The Fundamental Issue
Prota is still very young, and we are aware of many critical bugs that we haven’t got a chance to address. Many issues that our current users are experiencing now are very much related to a single fundamental issue. We released many patches and upgrades incorporating workarounds to these, but Prota still suffers from this fundamental issue which leads to many bugs and unsatisfying user experience; the hardware.
Hardware is very unpredictable, and this unpredictability increases by orders of magnitude when it operates in wireless networks. Hardware can fail at any time even if you write perfect software for it. It’s sometimes very time-consuming to figure whether an error is caused by hardware or software (or both). Very discouraging when you discuss this kind of errors with engineers because no one knows what’s happening.
Our Solution — Prota Charles
Prota Charles is our third major version of Prota, and what it solves that the previous versions didn’t is the hardware. Prota Charles operates in the cloud and is designed to overcome the fundamental hardware issue by applying basics in distributed computing. Let us explain how we’re applying Charles to the existing MicroBot Push system.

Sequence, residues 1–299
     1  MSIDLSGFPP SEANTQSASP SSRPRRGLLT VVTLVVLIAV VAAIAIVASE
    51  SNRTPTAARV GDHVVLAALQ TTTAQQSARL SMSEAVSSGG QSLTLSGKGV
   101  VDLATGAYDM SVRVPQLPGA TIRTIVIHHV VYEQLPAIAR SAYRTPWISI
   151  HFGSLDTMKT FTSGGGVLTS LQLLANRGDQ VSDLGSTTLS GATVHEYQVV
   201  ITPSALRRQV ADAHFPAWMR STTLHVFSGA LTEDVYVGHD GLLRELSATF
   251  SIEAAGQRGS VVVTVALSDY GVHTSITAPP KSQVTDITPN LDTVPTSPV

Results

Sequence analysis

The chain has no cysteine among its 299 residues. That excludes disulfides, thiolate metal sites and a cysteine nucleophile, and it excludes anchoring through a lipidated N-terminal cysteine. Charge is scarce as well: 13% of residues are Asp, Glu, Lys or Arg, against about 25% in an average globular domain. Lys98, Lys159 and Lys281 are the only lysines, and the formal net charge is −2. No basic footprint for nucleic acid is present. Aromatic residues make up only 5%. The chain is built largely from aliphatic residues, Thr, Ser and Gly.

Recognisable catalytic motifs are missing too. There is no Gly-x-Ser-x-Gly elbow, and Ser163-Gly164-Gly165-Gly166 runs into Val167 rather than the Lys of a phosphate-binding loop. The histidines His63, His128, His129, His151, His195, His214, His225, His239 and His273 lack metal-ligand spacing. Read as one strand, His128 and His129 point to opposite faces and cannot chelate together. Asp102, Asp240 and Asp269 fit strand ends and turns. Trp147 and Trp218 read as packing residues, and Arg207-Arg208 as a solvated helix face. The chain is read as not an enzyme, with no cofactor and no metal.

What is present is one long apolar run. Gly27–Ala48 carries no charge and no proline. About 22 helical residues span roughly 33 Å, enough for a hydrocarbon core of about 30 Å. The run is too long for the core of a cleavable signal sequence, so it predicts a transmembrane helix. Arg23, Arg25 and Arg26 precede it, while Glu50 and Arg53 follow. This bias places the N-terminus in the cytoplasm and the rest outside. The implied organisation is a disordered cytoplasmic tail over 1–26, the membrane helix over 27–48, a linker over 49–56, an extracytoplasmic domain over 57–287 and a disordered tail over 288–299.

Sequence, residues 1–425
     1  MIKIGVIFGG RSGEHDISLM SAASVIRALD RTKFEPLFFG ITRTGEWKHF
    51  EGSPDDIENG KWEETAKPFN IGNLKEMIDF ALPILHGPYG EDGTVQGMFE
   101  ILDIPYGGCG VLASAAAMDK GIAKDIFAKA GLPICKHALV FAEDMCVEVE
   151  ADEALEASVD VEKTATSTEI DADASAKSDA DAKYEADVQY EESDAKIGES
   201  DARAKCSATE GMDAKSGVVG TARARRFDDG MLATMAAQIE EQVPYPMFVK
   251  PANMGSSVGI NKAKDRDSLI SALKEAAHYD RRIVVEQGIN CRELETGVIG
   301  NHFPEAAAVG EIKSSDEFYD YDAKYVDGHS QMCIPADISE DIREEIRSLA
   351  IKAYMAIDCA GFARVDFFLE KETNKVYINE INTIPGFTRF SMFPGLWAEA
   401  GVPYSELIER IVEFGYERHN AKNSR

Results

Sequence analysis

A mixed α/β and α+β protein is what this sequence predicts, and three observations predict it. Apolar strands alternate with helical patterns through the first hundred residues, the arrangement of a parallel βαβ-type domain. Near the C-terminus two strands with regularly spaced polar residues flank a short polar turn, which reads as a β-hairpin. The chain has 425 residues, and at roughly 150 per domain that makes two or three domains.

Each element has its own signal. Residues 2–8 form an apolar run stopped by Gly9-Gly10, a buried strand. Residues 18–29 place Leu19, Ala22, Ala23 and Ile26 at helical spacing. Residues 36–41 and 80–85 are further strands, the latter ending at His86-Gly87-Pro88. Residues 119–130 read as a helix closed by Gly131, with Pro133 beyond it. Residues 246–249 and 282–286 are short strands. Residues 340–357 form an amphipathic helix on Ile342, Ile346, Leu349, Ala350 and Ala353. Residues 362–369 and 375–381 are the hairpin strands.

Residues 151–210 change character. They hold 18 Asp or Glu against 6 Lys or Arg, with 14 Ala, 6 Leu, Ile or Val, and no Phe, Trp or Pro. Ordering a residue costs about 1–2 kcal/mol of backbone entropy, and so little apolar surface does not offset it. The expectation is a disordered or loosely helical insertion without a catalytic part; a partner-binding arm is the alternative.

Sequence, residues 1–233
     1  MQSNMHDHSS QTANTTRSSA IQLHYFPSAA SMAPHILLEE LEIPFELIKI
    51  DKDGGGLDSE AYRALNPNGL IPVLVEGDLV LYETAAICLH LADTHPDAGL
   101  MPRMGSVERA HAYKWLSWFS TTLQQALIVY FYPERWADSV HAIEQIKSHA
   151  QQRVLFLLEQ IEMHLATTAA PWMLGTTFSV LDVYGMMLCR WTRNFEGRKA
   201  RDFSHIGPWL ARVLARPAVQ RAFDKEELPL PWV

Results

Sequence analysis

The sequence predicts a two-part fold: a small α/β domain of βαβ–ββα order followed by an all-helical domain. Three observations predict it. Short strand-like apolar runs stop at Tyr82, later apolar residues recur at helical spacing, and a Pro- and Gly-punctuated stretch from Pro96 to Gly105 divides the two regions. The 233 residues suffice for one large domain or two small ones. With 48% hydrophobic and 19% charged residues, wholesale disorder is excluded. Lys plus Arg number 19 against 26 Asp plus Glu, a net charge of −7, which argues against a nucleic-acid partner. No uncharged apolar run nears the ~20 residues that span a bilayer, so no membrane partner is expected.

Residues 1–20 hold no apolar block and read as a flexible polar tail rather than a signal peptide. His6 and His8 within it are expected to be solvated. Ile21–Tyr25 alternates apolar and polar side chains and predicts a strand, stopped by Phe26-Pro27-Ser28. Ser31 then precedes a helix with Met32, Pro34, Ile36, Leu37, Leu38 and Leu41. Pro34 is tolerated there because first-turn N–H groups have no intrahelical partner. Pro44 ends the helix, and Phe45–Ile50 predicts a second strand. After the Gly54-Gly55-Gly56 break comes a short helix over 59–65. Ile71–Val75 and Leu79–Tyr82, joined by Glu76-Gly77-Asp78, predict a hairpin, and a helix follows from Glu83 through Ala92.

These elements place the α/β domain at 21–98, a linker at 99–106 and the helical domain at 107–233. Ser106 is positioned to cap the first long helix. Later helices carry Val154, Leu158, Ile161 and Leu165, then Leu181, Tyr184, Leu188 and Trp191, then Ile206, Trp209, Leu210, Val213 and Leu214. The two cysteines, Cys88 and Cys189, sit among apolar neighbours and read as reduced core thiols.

How MicroBot Push works now
There have been two different ways to use MicroBot Push before Charles. The easiest way is just to use the MicroBot Push app on a smartphone and connect via Bluetooth. The other way is to use a Prota S or Prota Pi to pair MicroBots and connect via the Internet; the Prota device works as a Bluetooth-to-WiFi gateway in this case. This setup has the fundamental issue mentioned in the previous section. When it isn’t working, we need to figure out whether the MicroBot is paired with Prota, whether Prota is connected to a WiFi network, whether the WiFi network is connected to the Internet, whether the smartphone has Internet connectivity, and so on. Of course, we also need to make sure all the corner cases are handled properly, and this is the most time-consuming task in the development process. We even saw a case where our user kept failing to download updates from our server due to the unpredictably slow Internet packet routing from our server to the user’s device. We use BLE a lot, but we found that sending and receiving data that exceeds its typical packet size wasn’t quite trivial.